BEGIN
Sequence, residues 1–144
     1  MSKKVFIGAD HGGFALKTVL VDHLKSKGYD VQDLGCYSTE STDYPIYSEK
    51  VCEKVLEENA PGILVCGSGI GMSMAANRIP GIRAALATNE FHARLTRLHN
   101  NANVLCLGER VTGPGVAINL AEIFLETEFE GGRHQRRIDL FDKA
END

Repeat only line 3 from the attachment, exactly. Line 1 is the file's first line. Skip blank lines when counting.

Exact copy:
    51  VCEKVLEENA PGILVCGSGI GMSMAANRIP GIRAALATNE FHARLTRLHN